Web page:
And so the argument there was, well, if you know, the people of Idaho are cutting their budgets, then then so should the local governments of Idaho. None of the Democratic proposals ever heard at a hearing, and those included increasing the circuit breaker, you know, indexing the homeowner's exemption and other solutions like increasing funding for schools and other sorts of things, which I'm sure Marianne would would like to talk about. And then COVID hit and the session ended, and we're right where we started.

GAUDETTE: Right. I do want to get to Senator Jordan about her thoughts on that. But first, we did talk with Ada County assessor Bob McQuade on what he would like to do to lower property taxes. So let's take a listen to that.

BOB MCQUADE RECORDING: I don't think we really need to do a lot of real dramatic changes to the system. To me, my preference would be indexing the homeowner's exemption, there's going to be some relief for residential property owners. That, of course, is going to put shift over to commercial. They'll be paying a little bit more. And then increasing the benefits for the property tax relief program.

GAUDETTE: Ok, so let's talk about that exemption. As you said, Senator Jordan, lawmakers capped that in 2016, but you actually got together with Republican Representative John Vander Woude and you two came up with a bipartisan bill to remove the cap. So what happened?

SENATOR MARYANNE JORDAN (D-BOISE): You know, we did that a couple of years ago and it never even got a hearing, tried it again last year. Margaret did a great job of articulating the lack of activity on these issues in the last session.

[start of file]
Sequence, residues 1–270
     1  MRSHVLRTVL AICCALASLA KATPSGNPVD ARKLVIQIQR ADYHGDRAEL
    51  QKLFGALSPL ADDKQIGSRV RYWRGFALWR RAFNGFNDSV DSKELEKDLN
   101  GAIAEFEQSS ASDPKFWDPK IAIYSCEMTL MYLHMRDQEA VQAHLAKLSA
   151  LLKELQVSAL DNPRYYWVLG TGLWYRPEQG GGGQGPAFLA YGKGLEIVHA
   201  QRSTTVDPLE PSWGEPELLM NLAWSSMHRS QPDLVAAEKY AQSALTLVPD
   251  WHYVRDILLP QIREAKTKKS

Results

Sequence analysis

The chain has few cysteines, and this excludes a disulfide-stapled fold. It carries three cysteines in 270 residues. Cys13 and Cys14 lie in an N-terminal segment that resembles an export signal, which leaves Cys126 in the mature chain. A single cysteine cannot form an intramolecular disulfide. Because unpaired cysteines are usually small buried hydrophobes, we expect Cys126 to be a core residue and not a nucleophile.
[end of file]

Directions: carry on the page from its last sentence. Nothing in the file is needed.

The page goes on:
There was a lot of pressure brought to bear from a couple of areas when that cap went into existence, it shifted the burden of the total property tax impact disproportionately onto residential properties and away from commercial properties. That used to fluctuate somewhere around 55% residential, 45% commercial. And it's now nearly 70, 30, at least in Ada County.

Credit Alan Dornfest / Idaho Tax Commission
Idaho Tax Commission

And so the realtors commercial property and so on were, you know, instrumental in kind of pushing back against that reindex. And then you have the constant rhetoric in the legislature about all taxes being bad. And, you know, none of us like to pay taxes. It is never a thing where we sit down and say, 'woohoo, I get to write this check.' But taxes pay for services that people demand. And there's 200 cities in the state of Idaho. So for the legislature to be just randomly saying cities need to cut their budgets, while they are not, as I mentioned before, getting their own house in order. That's making this whole quest for a solution incredibly difficult.